Hello all,

My name is Jason D. Padgett, I'm a math/physics student in Washington state and I would like to float this idea. I believe that I have found where Pi physically ends. Since the Planck constant is the smallest interval of space that can be measured and still be relative then Pi would physically end at:

Two times the interval from -1 to 1 of the square root of 1-x^2 dx with

delta t=b-a/h.

I apologize for typing this out but the computer I'm on doesn't have equation writing capabilities. In the above equation h=Planck length.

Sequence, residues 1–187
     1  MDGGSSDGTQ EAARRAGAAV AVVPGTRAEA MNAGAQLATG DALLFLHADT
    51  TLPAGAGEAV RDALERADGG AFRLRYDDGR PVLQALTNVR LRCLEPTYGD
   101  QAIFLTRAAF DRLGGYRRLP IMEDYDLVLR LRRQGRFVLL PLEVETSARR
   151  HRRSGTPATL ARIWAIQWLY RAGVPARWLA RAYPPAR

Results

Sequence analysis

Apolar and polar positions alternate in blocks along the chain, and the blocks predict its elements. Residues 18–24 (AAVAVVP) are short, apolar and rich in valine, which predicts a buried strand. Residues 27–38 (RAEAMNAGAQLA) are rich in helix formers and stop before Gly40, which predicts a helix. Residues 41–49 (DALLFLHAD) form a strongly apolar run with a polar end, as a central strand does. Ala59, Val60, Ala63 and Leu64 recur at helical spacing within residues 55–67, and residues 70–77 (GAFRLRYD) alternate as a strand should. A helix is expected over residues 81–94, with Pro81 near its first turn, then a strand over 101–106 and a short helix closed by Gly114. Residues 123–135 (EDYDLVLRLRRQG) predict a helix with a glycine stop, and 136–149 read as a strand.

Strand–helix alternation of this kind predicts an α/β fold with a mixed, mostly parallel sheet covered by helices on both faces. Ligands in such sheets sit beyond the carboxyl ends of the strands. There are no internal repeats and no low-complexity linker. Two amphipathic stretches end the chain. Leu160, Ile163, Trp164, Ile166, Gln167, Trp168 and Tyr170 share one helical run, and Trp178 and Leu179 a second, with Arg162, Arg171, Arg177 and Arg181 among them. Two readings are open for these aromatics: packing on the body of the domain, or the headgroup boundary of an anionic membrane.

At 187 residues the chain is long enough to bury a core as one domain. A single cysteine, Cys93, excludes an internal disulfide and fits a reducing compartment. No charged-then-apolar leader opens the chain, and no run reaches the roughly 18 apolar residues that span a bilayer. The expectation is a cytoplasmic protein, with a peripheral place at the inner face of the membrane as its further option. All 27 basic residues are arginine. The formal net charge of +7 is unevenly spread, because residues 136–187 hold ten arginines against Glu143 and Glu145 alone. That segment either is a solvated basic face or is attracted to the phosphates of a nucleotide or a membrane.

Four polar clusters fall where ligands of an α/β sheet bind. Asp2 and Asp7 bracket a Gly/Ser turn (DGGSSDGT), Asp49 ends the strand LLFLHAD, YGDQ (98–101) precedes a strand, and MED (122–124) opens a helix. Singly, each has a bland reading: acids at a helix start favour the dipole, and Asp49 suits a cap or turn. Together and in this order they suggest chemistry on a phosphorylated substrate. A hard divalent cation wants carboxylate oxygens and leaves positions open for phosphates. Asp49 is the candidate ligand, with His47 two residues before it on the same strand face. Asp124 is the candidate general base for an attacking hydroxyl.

To calculate pi to any decimal we can use a trig formula:

f(x)=xsin(pi/x) As x approaches infinity f(x) will approach Pi. In this equation x stand for the number of sides to a circle. But again, this will physically end when each side to the circle equals one Planck length.

For those who argue that the Planck length may not be the smallest measurement I would answer that this equation will work as long as there is ANY limit to how small you can measure space.

What do you think?

Sincerely,

Jason D. Padgett

JASONQUANTUM1@YAHOO.COM